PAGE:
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Higher Education

, Volume 64, Issue 4, pp 573–592 | Cite as

Perceived norms for interactive teaching and their relationship to instructional decision-making: a mixed methods study

  • Matthew T. HoraEmail author
  • Craig Anderson
Article

Abstract

Normative expectations for acceptable behaviors related to undergraduate instruction are known to exist within academic settings. Yet few studies have examined disciplinary variation in norms for interactive teaching, and their relationship to teaching practice, particularly from a cognitive perspective. This study examines these problems using survey (n = 436) and interview (n = 56) data collected from faculty at three research universities in the United States in math, physics, chemistry, biology and geology departments. These data are analyzed using quantitative (i.e., ANOVA and ANCOVA) and qualitative (i.e., thematic and causal network analysis) techniques to provide multi-faceted accounts of normative systems. Results indicate that perceived norms for interactive teaching are weak or non-existent, yet other types of norms including those regarding course content, tacit norms for instructional autonomy and norms instantiated in course syllabi are present. Significant differences in perceived norms were found between institutions and disciplines, with biology and physics departments at two research sites exhibiting significantly stronger norms than other departments. Analyses of relationships between perceived norms and teaching practice indicated significant relationships between norm strength and the use of two teaching methods. Further, analyses of interview data revealed complex chains of decision-making involving considerations of course syllabi, student characteristics, and feedback mechanisms. Implications for pedagogical reform include the need to understand local cultural conditions and decision-making patterns to inform program design and implementation.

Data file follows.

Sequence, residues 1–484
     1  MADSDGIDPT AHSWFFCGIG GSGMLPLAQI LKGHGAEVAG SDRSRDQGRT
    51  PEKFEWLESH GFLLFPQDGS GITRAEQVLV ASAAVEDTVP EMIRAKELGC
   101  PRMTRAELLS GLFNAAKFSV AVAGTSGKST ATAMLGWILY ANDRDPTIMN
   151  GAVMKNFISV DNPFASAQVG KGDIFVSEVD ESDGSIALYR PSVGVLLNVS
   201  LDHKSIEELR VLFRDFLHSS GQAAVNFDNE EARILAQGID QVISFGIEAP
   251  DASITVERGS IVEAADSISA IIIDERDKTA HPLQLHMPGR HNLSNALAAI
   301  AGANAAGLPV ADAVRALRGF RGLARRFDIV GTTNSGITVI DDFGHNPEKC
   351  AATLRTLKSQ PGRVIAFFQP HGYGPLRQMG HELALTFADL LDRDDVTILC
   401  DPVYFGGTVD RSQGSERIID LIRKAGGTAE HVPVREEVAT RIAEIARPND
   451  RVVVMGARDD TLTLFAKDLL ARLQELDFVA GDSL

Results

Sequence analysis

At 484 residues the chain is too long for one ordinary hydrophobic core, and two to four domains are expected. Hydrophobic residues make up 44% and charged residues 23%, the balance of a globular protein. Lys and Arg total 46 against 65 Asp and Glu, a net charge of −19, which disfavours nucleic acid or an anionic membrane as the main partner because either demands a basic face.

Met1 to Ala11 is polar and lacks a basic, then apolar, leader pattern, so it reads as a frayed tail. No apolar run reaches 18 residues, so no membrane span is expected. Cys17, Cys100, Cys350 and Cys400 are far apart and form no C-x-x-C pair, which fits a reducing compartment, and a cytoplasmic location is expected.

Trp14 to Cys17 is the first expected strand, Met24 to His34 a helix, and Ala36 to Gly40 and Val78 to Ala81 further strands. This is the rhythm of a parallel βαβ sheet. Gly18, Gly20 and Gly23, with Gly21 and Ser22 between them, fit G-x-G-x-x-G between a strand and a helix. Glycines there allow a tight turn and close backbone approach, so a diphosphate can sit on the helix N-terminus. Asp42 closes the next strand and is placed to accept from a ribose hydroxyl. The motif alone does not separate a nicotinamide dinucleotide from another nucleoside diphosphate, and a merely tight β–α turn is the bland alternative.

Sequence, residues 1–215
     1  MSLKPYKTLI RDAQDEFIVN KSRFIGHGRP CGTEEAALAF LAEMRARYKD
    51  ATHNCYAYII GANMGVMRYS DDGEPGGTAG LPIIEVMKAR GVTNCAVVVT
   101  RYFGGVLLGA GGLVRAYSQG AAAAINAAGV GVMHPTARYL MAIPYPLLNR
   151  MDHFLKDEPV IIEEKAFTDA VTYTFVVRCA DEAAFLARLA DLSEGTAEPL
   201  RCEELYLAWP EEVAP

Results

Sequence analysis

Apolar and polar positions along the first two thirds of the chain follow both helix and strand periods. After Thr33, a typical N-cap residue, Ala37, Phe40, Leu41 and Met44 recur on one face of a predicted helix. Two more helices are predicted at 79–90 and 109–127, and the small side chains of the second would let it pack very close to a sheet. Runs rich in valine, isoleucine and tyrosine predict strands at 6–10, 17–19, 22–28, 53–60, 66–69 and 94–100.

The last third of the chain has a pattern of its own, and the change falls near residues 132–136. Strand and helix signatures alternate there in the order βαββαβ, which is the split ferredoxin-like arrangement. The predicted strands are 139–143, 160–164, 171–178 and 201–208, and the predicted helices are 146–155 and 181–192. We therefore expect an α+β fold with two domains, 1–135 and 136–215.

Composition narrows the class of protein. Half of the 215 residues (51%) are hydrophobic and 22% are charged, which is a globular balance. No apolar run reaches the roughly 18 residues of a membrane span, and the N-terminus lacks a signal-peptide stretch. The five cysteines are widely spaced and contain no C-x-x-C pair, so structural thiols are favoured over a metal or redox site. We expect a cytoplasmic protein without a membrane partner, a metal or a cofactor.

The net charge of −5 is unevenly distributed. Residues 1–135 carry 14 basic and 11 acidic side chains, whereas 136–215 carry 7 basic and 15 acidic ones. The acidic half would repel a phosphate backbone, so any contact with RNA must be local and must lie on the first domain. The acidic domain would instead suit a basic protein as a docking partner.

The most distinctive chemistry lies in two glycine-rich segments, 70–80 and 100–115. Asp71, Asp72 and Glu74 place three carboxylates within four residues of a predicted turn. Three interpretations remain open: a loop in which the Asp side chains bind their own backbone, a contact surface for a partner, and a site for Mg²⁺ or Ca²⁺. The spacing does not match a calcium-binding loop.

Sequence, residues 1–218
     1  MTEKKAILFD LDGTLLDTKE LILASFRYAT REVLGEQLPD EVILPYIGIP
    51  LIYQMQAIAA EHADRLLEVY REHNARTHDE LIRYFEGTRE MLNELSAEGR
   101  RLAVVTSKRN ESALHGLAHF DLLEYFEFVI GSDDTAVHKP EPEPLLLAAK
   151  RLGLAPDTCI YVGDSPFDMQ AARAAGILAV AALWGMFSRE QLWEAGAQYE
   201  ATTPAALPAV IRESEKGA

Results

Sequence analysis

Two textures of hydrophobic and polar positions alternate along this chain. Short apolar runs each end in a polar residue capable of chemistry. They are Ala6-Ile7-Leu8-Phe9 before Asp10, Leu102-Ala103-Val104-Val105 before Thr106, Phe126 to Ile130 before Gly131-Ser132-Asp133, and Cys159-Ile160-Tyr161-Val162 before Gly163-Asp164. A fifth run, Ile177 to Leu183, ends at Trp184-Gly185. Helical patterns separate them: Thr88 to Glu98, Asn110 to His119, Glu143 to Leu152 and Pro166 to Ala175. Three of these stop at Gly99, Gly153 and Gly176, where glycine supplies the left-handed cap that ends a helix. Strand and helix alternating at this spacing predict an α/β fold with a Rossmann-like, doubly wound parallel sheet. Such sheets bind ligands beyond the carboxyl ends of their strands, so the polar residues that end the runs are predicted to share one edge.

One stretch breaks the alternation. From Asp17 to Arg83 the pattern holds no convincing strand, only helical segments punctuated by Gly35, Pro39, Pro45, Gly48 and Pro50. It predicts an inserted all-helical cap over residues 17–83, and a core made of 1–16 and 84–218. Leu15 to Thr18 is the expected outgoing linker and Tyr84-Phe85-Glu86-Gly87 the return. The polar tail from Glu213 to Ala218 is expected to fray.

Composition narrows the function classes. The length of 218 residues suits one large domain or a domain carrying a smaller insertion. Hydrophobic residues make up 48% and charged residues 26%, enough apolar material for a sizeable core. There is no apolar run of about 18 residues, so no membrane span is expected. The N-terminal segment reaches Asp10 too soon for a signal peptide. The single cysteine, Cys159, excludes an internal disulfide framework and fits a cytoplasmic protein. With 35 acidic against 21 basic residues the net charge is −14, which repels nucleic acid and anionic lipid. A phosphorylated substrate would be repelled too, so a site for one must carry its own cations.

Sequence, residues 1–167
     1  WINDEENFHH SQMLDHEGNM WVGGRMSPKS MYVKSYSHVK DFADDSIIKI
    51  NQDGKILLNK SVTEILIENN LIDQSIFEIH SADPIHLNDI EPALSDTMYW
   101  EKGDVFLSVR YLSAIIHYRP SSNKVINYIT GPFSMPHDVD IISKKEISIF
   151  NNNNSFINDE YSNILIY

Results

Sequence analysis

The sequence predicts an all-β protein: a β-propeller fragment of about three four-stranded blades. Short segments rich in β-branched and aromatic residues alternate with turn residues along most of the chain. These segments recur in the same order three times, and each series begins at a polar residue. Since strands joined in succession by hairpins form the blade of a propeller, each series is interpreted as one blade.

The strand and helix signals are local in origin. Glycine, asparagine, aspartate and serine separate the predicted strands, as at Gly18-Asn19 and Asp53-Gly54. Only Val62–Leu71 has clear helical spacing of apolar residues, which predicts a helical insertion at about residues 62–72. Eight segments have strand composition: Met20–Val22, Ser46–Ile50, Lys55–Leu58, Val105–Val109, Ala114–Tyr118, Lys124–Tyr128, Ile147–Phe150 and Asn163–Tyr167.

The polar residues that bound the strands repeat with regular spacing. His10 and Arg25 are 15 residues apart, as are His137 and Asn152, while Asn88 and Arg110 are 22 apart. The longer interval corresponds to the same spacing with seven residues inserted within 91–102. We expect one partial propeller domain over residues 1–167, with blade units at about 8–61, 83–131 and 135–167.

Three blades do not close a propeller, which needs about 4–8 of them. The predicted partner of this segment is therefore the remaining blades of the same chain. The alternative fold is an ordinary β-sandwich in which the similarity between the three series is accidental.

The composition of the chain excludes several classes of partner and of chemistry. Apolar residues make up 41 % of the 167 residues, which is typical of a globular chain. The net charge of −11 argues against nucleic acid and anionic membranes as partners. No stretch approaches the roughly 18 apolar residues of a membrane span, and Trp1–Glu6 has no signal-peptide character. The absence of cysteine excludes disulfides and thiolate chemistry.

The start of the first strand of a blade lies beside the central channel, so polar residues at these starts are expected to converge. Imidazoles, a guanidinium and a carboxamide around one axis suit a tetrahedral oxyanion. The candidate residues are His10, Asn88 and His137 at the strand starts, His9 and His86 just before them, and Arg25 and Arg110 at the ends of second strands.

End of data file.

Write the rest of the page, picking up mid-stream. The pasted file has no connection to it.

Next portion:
Keywords

Undergraduate instruction Norms Interactive teaching Mixed methods Faculty culture 

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Copyright information

© Springer Science+Business Media B.V. 2012

Authors and Affiliations

  1. 1.Wisconsin Center for Education ResearchUniversity of WisconsinMadisonUSA
  2. 2.School of PsychologyUniversity of OttawaOttawaCanada

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